Other than the home nations of Airbus and Leonardo, Poland is the only OEM for rotorcraft in Europe, and the only country in which a non-European airframer has a presence. Romania might beg to differ, but Airbus Helicopters is still waiting for an order from the domestic customer to instigate a final assembly line in Brasov.

Poland, by contrast, has two long-estabished centres of helicopter production in the southeast of the country: Mielec, where Lockheed Martin's Sikorsky division builds export versions of the Black Hawk, and Świdnik, home to a Leonardo plant that makes a range of airframes, as well as two indigenous military types whose designs date from the Communist era.

Both PZL Mielec and PZL Świdnik – as the factories are still known – are further examples of how Poland's aerospace industry has given itself a 21st Century relevance by attracting Western investment. The former was originally acquired by United Technologies (UTC) in 2007 as part of a series of investments by the US group in Poland's Aviation Valley that had begun four years earlier when Pratt & Whitney took over an engine factory in Rzeszów.

Lockheed Martin assumed ownership of PZL Mielec when it bought Sikorsky in 2015. Just under 200km (124 miles) north of Mielec, the then Finmeccanica-owned AgustaWestland acquired PZL Swidnik in 2010, turning it into the "third pillar" of its manufacturing capability in Europe, alongside Italy and the UK.

PZL Mielec, formed in 1938 and with 1,700 employees, began building cabin aerostructures for Sikorsky in 2008 and has delivered around 400 bodies, mainly for the UH-60M. Around the same time, it was authorised to produce an export version of the Black Hawk, called the S-70i. The first example was delivered in 2011 and around 40 have been shipped to seven customers in Brunei, Chile, Colombia, Mexico, Saudi Arabia, Turkey, and the USA. PZL Mielec carries out full assembly of the type with the only US involvement a final stop to install any sensitive equipment that falls under Washington DC's International Traffic in Arms Regulations.


"The fact that Poland is a final producer of aircraft and not just a parts manufacturer gives us a tremendous amount of prestige," a senior executive with the subsidiary tells FlightGlobal. "What is exciting is that because of Poland’s relative cost advantage, Sikorsky has a business case that allows improvements to be introduced to the Black Hawk here. Many of these would be too expensive to use US labour, but to do it in Poland is cost effective. So our [engineering] teams here are involved in the continuous improvement of the product."

Lockheed Martin sees opportunities for the S-70i in Baltic and other NATO countries that operate Soviet-era Mil Mi-2, Mi-8 and Mi-17s, as well as for Polish-built non-military variants such as the Firehawk, which has a belly tank fitted for fighting forest blazes. Sikorsky shipped two Firehawks last year and expects up to three more deliveries in 2018.

In addition, Mielec offers the legacy M28 Skytruck, a Pratt & Whitney Canada PT6A-65B-powered, 19-seat, high-winged twin-turboprop that is marketed as a rugged utility for airdrops, delivering paratroopers or carrying commercial passengers and cargo. PZL Mielec delivered two aircraft last year to a company that acts as a contractor for the German defence ministry and supports Poland's fleet of some 50 aircraft, as well as those in service with Jordan and Nepal.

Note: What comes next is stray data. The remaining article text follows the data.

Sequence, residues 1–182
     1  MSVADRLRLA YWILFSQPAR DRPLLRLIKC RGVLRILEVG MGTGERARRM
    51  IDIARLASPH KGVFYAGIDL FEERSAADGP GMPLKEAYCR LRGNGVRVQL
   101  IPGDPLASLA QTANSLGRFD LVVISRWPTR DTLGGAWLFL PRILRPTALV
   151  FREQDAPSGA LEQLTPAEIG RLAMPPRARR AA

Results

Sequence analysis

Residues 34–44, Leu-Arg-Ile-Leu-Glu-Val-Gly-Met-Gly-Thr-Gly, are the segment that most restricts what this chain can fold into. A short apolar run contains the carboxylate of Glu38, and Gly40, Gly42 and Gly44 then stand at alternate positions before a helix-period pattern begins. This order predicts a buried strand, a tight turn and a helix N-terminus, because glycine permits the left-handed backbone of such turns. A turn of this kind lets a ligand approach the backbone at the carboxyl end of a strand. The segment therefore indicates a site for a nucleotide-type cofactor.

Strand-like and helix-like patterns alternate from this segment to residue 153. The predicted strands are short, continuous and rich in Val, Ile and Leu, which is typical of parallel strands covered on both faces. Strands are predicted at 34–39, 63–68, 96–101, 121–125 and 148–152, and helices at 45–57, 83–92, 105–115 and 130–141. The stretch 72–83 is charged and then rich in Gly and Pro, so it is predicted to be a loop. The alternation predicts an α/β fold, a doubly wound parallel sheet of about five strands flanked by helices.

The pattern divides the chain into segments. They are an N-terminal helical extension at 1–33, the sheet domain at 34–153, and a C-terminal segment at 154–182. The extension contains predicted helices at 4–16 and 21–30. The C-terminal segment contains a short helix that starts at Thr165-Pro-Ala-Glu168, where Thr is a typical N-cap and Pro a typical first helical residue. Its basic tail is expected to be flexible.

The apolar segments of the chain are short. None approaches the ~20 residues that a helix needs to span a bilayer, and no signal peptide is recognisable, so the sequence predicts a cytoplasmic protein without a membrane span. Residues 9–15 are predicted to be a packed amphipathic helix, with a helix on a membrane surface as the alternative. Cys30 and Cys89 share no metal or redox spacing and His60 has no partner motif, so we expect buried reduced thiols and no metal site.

The Leonardo plant, meanwhile, dates from 1951 and produces airframes for the AW119Ke, the AW109LUH, the AW109S Grand and the AW139, as well as the home-grown light utility SW-4 and medium utility W-3 Sokół.

Over more than six decades, it has produced some 7,400 helicopters. The facility, which employs almost 3,500 including 630 engineers, also manufactures a range of aerostructures including centre wing boxes and door mechanisms for other customers and Leonardo claims to support a supply chain of 900 Polish businesses. With 150 Świdnik-produced helicopters in service with the Polish armed forces, support for those fleets is also a major role for the business.

Both manufacturers are involved in two Polish acquisition requirements, each for eight helicopters, for the navy and special forces, although only Sikorsky is promising to build S-70is for the special forces mission locally, if selected. Leonardo, in theory, could build AW101s in Poland, but that is only likely to happen if the Italian-owned manufacturer is selected for all 16 aircraft. Leonardo is pitching the AW149 for the special forces requirement, with Airbus Helicopters' H225M also a runner. Airbus is already embroiled in a dispute with the government after ministers cancelled a plan, made by the previous administration, to acquire 50 H225M Caracals, suggesting the deal would not do enough to benefit Polish aerospace. This was despite Airbus’s commitment to create a final assembly line in Łódź, manufacturing the type for Poland and export.


Lockheed tells FlightGlobal that it is "ready to support [the new Polish government] in any direction they take". The company adds: "They are going to take some time to evaluate their next steps. We think we have a compelling offer with the proven Black Hawk which we can customise to the user’s requirements. We have been established in Poland now for 10 years, but we understand that the customer will have multiple priorities, and a need to buy a lot more than just helicopters. So it is just one piece of their overall defence modernisation plan, but we would like to be a part of that if possible."

Source: Flight International